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Living with Asthma

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Research has found that more than 20 million Americans suffer from some form of asthma.  That is roughly seven percent of the U.S. population.  It has been found that nearly 300 million people suffer from asthma worldwide.


This number is continuing to grow and by the year 2025, it is estimated, that nearly one hundred million more people will be diagnosed with this condition (HealthMad, 2011).


With this remarkable growing number, Family Medical Walk-In Clinic wanted to provide you with a few helpful tips that will further explain the signs and symptoms of asthma and what to do if you or a loved one is faced with this illness.


What is Asthma?

Content provided by MayoClinic.com

 

Asthma occurs when your airways narrow and swell.  Your airways will produce extra mucus causing your breathing to become difficult.  Asthma can’t be cured, but it’s symptoms can be controlled.


Children and Asthma

According to the CDC.gov

 

Asthma is the leading cause of chronic illness among children and youth in the U.S.

 

In 2007:

  • 5.6 million school-aged children and youth (5-17 years old) were reported to have active asthma.
  • 2.9 million of these children reported having an asthma attack within the last year.
  • In a classroom, 3 out of 30 children have asthma.
  • The average cost of treating children under the age of 18, with asthma is $3.2 billion per year.
  • Asthma is the third-ranking cause of hospitalization among children under the age of 15.


Asthma Signs and Symptoms

  • Symptoms can range from mild to severe and vary from person to person.
  • Between flare-ups you may feel normal and have no problems breathing.
  • You may experience symptoms at night, during high intensity exercises, allergy induced, or all the time.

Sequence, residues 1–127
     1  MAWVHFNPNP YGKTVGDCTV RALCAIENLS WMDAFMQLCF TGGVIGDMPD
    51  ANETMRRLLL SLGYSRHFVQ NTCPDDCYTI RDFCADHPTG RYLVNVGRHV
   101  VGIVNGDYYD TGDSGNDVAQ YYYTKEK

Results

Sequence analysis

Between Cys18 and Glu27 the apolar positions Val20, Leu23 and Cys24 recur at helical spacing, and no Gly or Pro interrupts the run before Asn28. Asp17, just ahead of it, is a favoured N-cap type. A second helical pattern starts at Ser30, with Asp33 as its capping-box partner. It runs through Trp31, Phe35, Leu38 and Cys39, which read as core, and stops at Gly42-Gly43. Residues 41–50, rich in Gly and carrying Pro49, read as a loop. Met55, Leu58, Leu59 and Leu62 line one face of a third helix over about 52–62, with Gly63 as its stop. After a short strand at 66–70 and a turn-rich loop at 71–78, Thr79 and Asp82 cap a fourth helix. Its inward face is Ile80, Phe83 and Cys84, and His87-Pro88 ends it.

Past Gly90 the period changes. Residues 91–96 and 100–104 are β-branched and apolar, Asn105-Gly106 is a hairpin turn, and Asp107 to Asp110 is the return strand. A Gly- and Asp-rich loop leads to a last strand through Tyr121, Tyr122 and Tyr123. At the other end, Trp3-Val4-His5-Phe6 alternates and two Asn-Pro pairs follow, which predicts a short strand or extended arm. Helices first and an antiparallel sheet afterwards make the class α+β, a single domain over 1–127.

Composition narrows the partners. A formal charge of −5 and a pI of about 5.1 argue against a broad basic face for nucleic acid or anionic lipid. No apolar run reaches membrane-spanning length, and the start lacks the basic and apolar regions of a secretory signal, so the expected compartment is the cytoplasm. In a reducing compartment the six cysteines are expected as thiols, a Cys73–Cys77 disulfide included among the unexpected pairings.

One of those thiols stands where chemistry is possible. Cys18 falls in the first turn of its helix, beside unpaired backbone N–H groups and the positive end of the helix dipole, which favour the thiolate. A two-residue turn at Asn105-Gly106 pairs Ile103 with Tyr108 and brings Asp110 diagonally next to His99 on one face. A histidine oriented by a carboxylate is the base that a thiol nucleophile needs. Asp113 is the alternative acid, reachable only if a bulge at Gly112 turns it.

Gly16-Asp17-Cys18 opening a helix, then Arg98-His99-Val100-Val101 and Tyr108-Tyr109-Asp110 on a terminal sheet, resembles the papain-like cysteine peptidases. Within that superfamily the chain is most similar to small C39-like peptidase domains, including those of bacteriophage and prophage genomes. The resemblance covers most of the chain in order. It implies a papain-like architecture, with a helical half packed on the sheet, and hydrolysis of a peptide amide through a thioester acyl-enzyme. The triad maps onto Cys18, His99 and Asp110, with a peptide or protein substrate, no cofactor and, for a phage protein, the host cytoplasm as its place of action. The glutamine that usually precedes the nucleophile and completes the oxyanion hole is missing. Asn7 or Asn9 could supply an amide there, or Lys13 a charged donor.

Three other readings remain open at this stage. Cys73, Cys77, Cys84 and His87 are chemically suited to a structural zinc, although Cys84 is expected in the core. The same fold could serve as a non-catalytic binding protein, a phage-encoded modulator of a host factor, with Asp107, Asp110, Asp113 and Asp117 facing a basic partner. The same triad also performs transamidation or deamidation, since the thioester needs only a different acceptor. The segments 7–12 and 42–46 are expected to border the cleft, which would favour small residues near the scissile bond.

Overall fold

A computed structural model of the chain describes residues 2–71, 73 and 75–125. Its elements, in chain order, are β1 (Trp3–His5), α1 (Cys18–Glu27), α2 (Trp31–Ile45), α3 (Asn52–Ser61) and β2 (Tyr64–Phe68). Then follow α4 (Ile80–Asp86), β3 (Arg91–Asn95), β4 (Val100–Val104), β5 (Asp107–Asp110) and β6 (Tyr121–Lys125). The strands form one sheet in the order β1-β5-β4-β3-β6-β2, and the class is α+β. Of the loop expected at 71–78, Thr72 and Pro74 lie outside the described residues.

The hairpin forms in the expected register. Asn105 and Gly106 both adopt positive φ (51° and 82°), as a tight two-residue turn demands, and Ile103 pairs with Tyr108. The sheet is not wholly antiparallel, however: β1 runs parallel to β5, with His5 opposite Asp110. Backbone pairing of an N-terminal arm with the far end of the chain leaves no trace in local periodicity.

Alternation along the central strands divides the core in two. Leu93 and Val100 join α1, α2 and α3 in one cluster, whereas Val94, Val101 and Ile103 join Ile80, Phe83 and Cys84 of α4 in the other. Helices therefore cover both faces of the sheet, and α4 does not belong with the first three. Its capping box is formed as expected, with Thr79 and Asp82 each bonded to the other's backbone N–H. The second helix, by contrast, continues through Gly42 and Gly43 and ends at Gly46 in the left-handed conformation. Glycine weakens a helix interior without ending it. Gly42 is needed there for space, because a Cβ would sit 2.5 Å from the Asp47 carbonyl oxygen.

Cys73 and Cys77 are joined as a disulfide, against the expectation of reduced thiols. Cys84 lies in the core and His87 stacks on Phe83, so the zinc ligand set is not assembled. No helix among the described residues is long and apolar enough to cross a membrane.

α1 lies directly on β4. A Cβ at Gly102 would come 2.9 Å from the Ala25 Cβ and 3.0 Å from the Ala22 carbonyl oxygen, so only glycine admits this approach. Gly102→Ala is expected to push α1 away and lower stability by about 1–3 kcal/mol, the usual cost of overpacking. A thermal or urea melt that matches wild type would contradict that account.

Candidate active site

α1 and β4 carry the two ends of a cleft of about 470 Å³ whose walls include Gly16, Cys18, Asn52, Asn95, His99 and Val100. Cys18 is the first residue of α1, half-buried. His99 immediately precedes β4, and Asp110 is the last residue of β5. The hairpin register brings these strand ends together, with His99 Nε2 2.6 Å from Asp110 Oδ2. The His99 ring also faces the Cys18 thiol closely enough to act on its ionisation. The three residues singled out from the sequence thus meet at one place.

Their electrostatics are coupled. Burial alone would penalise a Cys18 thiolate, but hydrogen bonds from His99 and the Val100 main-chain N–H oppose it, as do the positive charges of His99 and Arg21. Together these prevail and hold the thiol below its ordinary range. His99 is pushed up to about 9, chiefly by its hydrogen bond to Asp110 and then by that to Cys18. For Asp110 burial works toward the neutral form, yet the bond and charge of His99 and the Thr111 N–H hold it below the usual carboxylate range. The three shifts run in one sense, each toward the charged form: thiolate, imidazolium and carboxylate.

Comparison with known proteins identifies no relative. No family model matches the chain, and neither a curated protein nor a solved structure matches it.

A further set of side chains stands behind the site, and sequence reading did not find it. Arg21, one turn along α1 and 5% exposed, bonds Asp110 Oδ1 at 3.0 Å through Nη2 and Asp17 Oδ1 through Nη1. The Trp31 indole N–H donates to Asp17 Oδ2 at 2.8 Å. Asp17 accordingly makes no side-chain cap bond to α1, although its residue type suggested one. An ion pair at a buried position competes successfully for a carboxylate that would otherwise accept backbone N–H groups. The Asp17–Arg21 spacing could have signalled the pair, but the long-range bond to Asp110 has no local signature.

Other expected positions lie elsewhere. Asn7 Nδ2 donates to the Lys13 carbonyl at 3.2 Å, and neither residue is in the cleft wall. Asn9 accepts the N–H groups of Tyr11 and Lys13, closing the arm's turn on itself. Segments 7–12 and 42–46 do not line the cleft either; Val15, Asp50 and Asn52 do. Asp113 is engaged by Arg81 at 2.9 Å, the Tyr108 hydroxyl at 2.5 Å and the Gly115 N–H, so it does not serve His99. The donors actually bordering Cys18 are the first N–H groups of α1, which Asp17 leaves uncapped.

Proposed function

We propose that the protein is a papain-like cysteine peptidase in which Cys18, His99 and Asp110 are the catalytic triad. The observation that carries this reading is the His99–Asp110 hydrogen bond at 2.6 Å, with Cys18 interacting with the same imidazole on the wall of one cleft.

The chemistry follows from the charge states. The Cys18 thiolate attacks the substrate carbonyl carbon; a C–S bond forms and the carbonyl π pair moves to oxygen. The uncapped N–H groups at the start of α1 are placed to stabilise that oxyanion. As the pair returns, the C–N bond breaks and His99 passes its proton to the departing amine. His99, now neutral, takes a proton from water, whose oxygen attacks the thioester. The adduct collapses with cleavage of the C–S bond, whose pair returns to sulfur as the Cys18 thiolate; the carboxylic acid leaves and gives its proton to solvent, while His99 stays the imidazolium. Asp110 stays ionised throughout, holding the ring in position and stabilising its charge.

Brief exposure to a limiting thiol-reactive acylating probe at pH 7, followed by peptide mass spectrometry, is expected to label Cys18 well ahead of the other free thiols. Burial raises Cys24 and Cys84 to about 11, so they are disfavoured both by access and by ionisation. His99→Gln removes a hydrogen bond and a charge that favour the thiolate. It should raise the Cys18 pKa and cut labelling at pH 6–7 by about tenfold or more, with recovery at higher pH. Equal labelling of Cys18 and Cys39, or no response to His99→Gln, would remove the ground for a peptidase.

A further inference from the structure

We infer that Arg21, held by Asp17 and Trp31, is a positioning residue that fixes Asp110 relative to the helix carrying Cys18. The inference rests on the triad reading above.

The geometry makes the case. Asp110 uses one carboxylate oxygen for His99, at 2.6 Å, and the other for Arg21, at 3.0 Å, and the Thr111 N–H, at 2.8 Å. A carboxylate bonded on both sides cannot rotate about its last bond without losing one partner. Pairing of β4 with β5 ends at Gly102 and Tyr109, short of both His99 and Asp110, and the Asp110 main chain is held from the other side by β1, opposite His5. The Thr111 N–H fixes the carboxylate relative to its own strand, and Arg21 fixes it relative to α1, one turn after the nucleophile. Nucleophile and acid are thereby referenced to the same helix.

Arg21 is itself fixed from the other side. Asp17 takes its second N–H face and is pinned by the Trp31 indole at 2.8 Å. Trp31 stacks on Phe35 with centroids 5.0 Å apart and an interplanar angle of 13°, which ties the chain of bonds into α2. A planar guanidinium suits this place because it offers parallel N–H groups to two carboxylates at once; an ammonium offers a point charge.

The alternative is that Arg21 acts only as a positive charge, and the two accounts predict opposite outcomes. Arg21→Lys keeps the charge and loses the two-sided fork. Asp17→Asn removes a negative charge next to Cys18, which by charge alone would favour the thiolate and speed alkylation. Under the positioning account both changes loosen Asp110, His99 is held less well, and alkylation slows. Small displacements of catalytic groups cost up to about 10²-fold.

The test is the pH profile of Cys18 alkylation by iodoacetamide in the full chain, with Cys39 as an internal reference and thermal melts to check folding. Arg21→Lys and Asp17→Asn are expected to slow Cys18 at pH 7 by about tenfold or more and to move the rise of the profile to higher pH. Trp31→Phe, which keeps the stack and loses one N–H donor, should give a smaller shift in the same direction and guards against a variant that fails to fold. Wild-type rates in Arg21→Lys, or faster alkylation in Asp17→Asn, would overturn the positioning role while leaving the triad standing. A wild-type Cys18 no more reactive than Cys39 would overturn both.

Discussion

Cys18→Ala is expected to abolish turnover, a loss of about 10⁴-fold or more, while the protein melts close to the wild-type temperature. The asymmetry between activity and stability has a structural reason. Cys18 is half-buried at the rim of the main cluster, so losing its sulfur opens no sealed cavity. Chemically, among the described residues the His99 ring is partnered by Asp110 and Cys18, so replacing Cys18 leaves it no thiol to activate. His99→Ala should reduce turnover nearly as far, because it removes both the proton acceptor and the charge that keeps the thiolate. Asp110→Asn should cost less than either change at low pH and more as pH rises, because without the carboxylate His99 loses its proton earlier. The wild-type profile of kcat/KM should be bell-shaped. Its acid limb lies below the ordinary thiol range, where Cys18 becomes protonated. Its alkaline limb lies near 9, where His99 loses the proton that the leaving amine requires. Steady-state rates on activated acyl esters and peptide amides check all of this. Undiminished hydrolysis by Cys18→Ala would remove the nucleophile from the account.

• Coughing.
  • Wheezing when exhaling (a common sign of asthma in children).
  • Shortness of breath.
  • Tightness in the chest.


When to See a Doctor

  • If you think you or a loved one may have asthma.
  • To monitor your asthma after diagnosis.
  • If your asthma symptoms get worse.
  • To review your treatment.


What Causes Someone to have Asthma?

 

According to the MayoClinic.com it is unclear as to why some people have asthma and why some don’t.  It is most likely due to a combination of the environment and genetic (inherited) factors.


Risk Factors

  • Having a blood relative that has asthma.
  • Having an allergic condition.
  • Being overweight.
  • Being a smoker.
  • Exposure to secondhand smoke.
  • Having a mother who smoked while pregnant.
  • Exposure to pollution.
  • Low birth weight.

 

Preventing Asthma Attacks

 

Prevention and long-term control is the key to keeping your asthma under control.  Treatments usually involve learning to recognize your triggers, taking steps to avoid them, and tracking your breathing.  Talk with your doctor about what medications are right for you.


Living with Asthma

  • Pace yourself.
  • Make a daily to-do list.
  • Talk with others who have the same condition.
  • If your child has asthma, do your best in explaining it to them.  Encourage them that they are doing a good job in preventing asthma attacks every step of the way.


Sources:

http://www.cdc.gov/HealthyYouth/asthma/index.htm

http://healthmad.com/conditions-and-diseases/how-many-people-have-asthma/

http://www.bing.com/health/article/mayo-125153/Asthma?q=asthma

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Discussion

  1. Miracle  April 22, 2011

    AKAIK you’ve got the anwser in one!

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  2. acoTranslations  September 19, 2011

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